Lameco Escrima



Is there a FMA system that covers Long, Medium & Close range fighting?

Lameco Escrima

Lameco Escrima is the system of Filipino martial arts founded by Edgar Sulite (1957-1997) based on his training and experience with various Philippine Martial Arts masters, with heavy influence from Jose Caballero and Antonio Ilustrisimo.

The word Lameco is actually a combination of the words which make up the three basic ranges of combat – LArgo (Long  range), MEdio (Medium range) and COrto (Close range).

At a young age Edgar Sulite’s father exposed him to the Filipino Martial Arts, himself being a boxer and Escrimador.  Growing up in the barrios of Tacloban City, Philippines,  Edgar witnessed many skirmishes settled blade against blade.

Edgar trained with martial arts masters who included Leo Gaje of Pekiti-Tirsia, Jose Caballero of De Campo Uno-Dos-Tres Orehenal, Jesus Abella of Modern Largos, Antonio Ilustrisimo of Kali Illustrisimo and many others.

In 1981, he moved to Manilla to train under Grandmaster Antonio Ilustrisimo.

On June 30, 1989, he relocated to the United States and became the Escrima instructor of Dan Inosanto, Diana Lee Inosanto, Ron Balicki and Larry Hartsell. His plan was to bring his family over from the Philippines, own his own home, and spread Lameco throughout the world.

Recognizing the talent and knowledge that Edgar possessed, Dan Inosanto would become a lifetime student and an advocate of the Lameco system.

But before all of this could be realized, Edgar Sulite suffered a stroke and passed away on April 10, 1997.

Lameco Escrima Training

One of the characteristics of Filipino martial arts is the use of weapons from the very beginning of training. The primary weapon is a rattan stick, also called a cane or baston. These sticks vary in length from about 26 inches to as much as 38 inches in length or more. The weapons can vary in weight and thickness depending on the preference of the practitioner.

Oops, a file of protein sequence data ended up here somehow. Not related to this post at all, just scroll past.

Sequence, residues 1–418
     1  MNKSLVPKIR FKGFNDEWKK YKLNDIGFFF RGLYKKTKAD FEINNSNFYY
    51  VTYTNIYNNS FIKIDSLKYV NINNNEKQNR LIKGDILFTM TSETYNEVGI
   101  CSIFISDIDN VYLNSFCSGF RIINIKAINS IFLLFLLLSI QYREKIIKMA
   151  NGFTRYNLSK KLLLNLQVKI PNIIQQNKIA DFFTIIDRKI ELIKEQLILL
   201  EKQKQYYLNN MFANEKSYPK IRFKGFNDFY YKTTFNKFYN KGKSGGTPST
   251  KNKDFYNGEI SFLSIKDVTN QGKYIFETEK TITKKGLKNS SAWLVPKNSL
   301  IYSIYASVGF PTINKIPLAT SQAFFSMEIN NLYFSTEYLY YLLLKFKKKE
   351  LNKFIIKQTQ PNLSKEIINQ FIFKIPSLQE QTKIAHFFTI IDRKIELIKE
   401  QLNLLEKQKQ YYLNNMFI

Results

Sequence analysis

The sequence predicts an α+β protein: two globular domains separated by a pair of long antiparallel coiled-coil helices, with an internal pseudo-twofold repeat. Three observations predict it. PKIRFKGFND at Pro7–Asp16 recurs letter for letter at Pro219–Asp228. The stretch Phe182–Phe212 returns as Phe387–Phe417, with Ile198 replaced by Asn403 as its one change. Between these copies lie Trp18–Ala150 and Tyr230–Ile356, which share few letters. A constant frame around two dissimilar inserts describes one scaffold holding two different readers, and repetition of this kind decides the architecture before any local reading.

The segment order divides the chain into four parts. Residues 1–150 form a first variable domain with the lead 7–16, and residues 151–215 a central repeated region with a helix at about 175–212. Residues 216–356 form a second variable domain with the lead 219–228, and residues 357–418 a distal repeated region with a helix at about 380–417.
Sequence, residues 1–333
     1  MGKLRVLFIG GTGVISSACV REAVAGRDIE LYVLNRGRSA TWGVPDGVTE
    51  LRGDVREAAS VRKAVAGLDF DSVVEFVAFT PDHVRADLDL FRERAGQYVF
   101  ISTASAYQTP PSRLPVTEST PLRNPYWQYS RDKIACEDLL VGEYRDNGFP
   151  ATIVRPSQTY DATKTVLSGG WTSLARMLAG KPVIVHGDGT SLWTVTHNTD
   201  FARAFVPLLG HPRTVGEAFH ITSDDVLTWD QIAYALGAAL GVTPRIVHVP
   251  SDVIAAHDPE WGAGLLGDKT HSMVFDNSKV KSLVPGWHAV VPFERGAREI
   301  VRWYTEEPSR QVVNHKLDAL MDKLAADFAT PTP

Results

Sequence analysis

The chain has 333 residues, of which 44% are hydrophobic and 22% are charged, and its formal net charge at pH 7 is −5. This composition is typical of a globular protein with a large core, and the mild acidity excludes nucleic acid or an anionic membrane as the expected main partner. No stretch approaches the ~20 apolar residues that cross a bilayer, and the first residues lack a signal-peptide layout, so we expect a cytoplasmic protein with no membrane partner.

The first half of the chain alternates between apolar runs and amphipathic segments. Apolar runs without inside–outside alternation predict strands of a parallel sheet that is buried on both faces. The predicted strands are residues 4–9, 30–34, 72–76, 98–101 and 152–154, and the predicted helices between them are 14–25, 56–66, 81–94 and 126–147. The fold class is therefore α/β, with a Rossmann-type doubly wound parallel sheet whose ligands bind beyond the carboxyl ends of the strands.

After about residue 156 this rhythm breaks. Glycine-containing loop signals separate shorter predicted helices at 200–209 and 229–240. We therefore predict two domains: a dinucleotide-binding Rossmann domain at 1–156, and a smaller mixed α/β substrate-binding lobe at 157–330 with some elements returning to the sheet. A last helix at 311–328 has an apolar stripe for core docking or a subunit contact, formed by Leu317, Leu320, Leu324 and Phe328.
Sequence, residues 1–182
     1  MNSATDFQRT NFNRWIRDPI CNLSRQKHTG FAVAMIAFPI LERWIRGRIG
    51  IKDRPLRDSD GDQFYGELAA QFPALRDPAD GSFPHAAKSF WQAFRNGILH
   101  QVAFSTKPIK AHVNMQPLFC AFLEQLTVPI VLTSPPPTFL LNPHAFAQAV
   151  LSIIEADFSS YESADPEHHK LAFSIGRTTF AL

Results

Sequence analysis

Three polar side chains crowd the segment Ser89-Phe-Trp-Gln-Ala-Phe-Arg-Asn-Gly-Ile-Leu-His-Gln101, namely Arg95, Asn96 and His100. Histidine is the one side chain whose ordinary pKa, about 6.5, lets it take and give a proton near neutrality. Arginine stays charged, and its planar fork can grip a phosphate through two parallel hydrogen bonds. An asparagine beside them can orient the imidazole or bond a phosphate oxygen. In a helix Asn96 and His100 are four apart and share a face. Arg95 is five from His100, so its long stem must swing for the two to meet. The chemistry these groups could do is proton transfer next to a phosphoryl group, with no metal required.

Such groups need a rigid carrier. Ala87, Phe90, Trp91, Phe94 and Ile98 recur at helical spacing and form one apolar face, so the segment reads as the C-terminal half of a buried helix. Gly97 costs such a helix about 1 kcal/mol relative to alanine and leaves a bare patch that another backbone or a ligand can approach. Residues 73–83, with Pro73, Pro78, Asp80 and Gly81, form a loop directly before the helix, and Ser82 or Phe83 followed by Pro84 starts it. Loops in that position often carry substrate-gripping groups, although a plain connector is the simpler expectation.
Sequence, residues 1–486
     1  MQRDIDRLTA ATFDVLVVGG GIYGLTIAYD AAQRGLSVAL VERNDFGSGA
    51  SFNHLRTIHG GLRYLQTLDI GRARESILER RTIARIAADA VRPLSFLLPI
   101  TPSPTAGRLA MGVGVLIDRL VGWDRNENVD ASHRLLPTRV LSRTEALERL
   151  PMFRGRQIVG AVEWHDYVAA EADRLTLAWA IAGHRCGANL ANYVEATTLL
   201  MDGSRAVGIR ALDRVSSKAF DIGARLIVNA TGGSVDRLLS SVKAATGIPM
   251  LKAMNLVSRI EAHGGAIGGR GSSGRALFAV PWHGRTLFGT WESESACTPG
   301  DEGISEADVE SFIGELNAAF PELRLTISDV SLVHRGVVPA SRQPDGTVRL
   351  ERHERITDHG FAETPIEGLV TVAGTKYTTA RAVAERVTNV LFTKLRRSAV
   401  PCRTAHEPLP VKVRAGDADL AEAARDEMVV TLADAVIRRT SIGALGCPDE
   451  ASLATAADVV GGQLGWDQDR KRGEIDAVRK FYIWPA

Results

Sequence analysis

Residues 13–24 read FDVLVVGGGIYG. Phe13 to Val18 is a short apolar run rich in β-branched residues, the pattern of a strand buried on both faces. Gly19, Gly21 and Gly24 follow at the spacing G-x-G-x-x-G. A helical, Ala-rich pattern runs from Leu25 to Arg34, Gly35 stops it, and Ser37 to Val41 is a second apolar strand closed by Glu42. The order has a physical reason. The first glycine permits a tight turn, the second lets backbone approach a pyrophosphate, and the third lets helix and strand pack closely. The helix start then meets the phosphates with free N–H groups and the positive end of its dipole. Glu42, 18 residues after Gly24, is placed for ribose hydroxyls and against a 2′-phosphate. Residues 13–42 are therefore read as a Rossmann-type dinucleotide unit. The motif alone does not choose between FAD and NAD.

Lameco uses Double and Single Stick, Double and single Dagger, Stick and Dagger, Sword, Staff, Handkerchief, and Empty Hands.

Lameco Escrima is a synthesis of five major Escrima systems and six minor systems.

Major Systems

De Campo Uno-Dos-Tres Orihinal (GM Jose Caballero)
Kali Illustrisimo (GM Antonio Ilustrisimo)
Kali Pekiti-Tirsia (Tuhon Leo Tortal Gaje Jr.)
Modernos Largos (GM Jesus Abella & GM Pablicito “Pabling” Cabahug)
Sulite Rapelon (GM Helacrio Sulite Sr.)

Minor systems

Doce Pares (GM Diony Canete)
Balintawak (GM Johnny Chiuten)
Lapunti Arnis De Abanico (GM Felimon E. Caburnay)
Siete Teros Serado – Serado no Puede Entra (GM Marcilino Ancheta)
Abanico De Sungkiti (GM Billy Baaclo)
Tres Personas Eskrima De Combate (GM Maj. Timoteo E. Maranga)

Click the photo below for a short video clip of GM Edgar Sulite

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Cabales Serrada Escrima